Avoiding bugs in new models and redesigns

Eager to scoop up a brand-new, never-been-seen-before car model? Or how about the sleek, new redesign of a tried-and-true favorite? You may want to wait.

A new study by J.D. Power and Associates found that a number of cars, trucks and sport utility vehicles redesigned for 2002 have more problems than the 2001 models they replaced.

The new and supposedly improved Nissan Altima, Honda CRV, four-door Ford Explorer, Lexus ES 300 and Toyota Camry all did worse than their predecessors in an initial quality study, which tracks problems in a vehicle's first 90 days of ownership.

"There's some cache in having the newest and the greatest. But along with that benefit there's the risk of working the kinks out of a car," says John Nielsen, director of AAA's Approved Auto Repair Network.

"The good news is it's in warranty, so you don't have to pay for it."

Glitches after all these years
More problems cropping up in a car's first model year has been an auto industry certainty for decades. And while overall auto quality has improved immensely, first-model-year glitches remain.

Auto models that were redesigned for 2002 declined in initial quality by 2 percent, according to J.D. Power.

Two percent of trouble doesn't seem like a lot until you consider just how much better a vehicle is likely to be in its second model year, when its quality shoots up by 17 percent.

Why the big jump in quality? All the little kinks and problems that come to light in the first model year get fixed.

You'll get a higher quality vehicle when you wait for a hot, new design to enter its second model year. Being a patient car shopper can really pay off.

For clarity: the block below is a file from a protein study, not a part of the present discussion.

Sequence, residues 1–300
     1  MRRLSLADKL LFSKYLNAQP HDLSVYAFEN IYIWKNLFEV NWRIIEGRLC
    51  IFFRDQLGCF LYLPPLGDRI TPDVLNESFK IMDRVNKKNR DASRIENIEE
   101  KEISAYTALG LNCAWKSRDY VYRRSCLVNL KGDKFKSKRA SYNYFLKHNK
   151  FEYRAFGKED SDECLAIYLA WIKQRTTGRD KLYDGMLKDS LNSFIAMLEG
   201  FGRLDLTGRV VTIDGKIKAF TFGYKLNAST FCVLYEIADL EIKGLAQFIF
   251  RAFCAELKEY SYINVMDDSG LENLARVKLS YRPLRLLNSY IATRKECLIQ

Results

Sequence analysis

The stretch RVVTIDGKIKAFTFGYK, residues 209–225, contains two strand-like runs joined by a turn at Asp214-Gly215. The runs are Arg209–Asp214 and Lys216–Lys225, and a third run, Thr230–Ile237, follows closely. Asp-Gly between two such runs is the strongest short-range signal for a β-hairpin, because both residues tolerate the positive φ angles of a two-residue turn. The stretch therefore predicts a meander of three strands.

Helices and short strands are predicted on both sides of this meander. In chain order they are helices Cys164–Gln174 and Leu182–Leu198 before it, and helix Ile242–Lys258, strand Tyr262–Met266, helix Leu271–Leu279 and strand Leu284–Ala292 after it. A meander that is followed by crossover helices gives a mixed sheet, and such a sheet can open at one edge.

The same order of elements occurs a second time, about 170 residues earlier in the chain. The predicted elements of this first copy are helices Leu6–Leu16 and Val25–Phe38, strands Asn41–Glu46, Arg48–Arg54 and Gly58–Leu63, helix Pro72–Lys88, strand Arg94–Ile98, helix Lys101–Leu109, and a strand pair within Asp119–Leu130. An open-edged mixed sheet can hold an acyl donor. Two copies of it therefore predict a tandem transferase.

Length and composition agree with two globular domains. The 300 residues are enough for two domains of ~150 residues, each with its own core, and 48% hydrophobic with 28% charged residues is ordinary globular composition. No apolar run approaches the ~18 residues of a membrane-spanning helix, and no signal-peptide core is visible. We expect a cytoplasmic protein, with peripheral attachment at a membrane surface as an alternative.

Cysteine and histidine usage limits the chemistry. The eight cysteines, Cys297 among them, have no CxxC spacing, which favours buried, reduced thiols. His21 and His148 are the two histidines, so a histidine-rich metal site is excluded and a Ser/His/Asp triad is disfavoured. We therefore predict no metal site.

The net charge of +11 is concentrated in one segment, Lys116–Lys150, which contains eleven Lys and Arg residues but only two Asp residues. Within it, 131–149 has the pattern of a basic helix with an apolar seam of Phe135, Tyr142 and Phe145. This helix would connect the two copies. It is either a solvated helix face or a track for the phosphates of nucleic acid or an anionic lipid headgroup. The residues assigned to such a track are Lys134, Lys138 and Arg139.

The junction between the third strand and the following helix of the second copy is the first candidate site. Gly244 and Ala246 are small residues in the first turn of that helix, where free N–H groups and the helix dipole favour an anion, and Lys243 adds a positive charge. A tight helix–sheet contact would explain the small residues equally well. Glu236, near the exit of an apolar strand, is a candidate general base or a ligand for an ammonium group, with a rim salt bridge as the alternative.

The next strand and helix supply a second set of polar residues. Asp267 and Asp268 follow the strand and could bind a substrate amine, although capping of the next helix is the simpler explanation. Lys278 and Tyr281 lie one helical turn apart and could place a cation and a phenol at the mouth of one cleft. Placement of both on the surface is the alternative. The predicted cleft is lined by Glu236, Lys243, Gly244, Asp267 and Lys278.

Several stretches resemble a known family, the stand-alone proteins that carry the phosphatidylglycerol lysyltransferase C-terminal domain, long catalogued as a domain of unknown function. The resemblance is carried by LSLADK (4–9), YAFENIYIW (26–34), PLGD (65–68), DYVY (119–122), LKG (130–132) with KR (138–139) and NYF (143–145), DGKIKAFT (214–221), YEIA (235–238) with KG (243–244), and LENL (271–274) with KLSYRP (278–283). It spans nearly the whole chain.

"Look for a model that has relatively few problems in the first year and buy it in the second year," says Clarence Ditlow, auto author and executive director for the Center for Auto Safety.

Ditlow has been urging buyers to steer clear of first-year car models since 1970, when the first lemon book was published.

"There's never adequate testing to get rid of all the bugs," Ditlow says.

This is especially true of brand-new, never-been-seen-before models.

"It just takes a little while longer to get things running smoothly," says Brian Walters, director of product research at J.D. Powers.

"Many times there are brand-new factories, totally new suppliers. They're starting from scratch for the most part."

And even though computer-assisted design has improved new-car quality in recent years, some problems don't come to light until the cars are driven off a dealer lot.

Consumer guinea pigs
"The first people who buy the car end up being guinea pigs," says Rosemary Shahan, president of Consumers for Auto Reliability and Safety.

"Sometimes it's just fit and finish and minor details and it's not that big of a deal. But if it's 'Does it start? Does it stop?' then it's a serious problem."

Just look at the PT Cruiser. DaimlerChrysler is recalling more than 460,000 PT Cruisers -- every one built for the vehicle's first two model years -- because of fuel-pump leaks.

Why don't auto manufacturers delay the launch of a new model until every glitch is ironed out? They're driven by money, just like every other business, and hot, new designs tend to be big sellers, bugs and all.

"A brand-new design tends to have more appeal than an older design," Walters says. "Dealers tend to make more profits on vehicles with high appeal. Manufacturers have to spend less money on incentives on vehicles with high appeal."

If you can put up with a few kinks in your dream car, go ahead and snap up a hot new design as soon as it comes out.

If you're looking for the highest quality, most hassle free ride, hold off on your shopping for a year or so.

"If no trouble whatsoever is the most important thing to you, you're much better off in the second or third year," Nielsen says.

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